The shuttle docked with the International Space Station to continue work

The space shuttle Atlantis, sent into space for a scheduled 11-day mission, successfully docked with the International Space Station yesterday. Shuttle commander Brent Jett carefully maneuvered the shuttle so that it did a backflip designed to check the underside of the shuttle. Digital photographs of the underside were taken for NASA to make sure the heat shield is still secure. Shuttle engineers believe the thermal protection system is in such good shape that the opportunity for further tests was declined.

The orbital complex floating 218 miles above the Earth has not had serious construction done since the 2003 Columbia disaster. Steve MacLean became the second Canadian to walk in space today.

Astronauts yesterday conducted a spacewalk to wire two solar panels into the ISS. A second spacewalk today will be conducted to finish activating and double-checking the panels. The two spacewalks –yesterday and today – brought the total number of man hours spent assembling and maintaining the ISS to 431 hours and 54 minutes. For the second straight day, spacewalkers lost a bolt that NASA researchersbelieve harmlessly most likely floated away.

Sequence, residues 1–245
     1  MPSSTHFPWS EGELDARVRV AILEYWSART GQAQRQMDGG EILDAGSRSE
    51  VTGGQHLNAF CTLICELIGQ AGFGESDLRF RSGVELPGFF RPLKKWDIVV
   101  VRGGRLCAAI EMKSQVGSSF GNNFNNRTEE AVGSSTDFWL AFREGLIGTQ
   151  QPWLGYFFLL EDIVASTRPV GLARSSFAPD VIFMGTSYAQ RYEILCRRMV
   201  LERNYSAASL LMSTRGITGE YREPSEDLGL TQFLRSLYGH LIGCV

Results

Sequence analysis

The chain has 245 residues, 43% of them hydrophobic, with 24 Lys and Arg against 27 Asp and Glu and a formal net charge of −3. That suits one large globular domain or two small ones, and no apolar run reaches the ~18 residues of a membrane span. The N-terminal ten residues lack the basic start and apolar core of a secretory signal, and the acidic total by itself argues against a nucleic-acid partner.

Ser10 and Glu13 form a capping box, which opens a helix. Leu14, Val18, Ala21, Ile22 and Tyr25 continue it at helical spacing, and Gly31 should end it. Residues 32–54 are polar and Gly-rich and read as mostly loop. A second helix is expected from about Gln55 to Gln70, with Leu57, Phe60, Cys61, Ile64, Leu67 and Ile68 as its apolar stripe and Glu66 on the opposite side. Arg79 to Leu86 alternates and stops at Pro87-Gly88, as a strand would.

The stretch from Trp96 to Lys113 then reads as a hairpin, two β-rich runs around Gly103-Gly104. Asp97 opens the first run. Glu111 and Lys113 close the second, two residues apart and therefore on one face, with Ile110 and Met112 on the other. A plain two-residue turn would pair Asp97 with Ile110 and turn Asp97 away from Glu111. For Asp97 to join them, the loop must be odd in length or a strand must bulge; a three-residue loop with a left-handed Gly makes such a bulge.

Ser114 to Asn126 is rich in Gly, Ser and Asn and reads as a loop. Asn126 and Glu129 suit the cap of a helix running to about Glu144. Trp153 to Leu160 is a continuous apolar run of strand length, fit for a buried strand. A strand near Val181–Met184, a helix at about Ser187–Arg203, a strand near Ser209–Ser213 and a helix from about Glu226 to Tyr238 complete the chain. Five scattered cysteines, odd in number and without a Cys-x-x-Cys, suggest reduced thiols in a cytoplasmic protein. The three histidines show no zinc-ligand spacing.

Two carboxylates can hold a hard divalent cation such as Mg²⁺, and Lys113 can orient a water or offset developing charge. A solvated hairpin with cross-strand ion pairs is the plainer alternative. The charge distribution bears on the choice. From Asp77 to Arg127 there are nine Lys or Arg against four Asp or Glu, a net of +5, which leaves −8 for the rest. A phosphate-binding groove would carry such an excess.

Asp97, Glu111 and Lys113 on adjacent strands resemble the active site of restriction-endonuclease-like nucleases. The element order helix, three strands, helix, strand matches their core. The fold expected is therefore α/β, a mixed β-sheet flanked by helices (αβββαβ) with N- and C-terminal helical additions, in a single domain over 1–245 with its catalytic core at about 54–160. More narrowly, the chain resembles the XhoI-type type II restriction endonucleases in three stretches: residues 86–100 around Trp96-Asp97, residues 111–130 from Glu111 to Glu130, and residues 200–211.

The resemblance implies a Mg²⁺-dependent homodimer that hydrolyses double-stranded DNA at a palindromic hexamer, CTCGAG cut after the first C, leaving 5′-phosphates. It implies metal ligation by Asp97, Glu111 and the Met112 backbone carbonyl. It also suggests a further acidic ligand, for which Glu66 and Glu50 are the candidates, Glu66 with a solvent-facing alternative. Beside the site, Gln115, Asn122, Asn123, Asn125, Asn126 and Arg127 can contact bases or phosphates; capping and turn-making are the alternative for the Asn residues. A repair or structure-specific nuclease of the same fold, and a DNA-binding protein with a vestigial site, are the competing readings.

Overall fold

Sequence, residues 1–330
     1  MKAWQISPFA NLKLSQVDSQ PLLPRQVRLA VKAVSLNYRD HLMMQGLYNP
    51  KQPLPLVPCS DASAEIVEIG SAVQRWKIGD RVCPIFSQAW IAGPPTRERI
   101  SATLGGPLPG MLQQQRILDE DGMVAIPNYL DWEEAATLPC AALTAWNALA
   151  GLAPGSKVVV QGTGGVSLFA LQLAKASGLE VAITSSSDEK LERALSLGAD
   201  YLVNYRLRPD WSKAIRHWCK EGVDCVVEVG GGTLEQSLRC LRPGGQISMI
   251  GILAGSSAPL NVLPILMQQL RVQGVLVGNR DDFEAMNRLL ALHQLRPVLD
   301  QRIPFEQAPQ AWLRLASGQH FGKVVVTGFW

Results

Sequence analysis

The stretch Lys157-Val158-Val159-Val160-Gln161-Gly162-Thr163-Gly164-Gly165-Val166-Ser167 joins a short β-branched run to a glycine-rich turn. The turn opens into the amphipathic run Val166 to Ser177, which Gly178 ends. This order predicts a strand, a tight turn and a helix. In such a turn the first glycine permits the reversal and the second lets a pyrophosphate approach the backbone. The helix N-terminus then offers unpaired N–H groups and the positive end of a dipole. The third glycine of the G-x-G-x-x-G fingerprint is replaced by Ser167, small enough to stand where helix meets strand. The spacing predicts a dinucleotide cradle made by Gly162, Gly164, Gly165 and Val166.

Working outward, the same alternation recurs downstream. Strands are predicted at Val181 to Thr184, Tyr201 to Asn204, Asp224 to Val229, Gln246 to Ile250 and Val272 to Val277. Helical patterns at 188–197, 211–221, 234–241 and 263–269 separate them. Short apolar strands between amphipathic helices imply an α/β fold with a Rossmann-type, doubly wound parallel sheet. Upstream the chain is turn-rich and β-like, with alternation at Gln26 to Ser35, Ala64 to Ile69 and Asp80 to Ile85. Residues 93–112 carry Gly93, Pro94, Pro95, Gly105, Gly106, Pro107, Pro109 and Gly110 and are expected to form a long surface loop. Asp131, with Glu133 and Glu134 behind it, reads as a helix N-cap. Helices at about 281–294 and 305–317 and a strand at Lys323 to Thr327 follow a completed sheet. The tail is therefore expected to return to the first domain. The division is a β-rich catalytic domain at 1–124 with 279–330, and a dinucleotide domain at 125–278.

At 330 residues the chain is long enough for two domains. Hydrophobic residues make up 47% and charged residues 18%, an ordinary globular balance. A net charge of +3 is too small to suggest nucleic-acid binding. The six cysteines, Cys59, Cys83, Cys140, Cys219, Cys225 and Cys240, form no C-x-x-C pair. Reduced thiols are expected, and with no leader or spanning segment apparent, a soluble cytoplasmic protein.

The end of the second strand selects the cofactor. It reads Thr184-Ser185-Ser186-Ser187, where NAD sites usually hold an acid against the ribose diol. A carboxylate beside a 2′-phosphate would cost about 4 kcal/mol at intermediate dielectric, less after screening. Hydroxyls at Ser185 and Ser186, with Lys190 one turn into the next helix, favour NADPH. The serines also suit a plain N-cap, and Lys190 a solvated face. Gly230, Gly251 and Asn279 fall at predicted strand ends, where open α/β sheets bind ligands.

Because of the expected arrival of the Russian Soyuz space capsule on September 20, the Atlantis crew will have to continue to work quickly.

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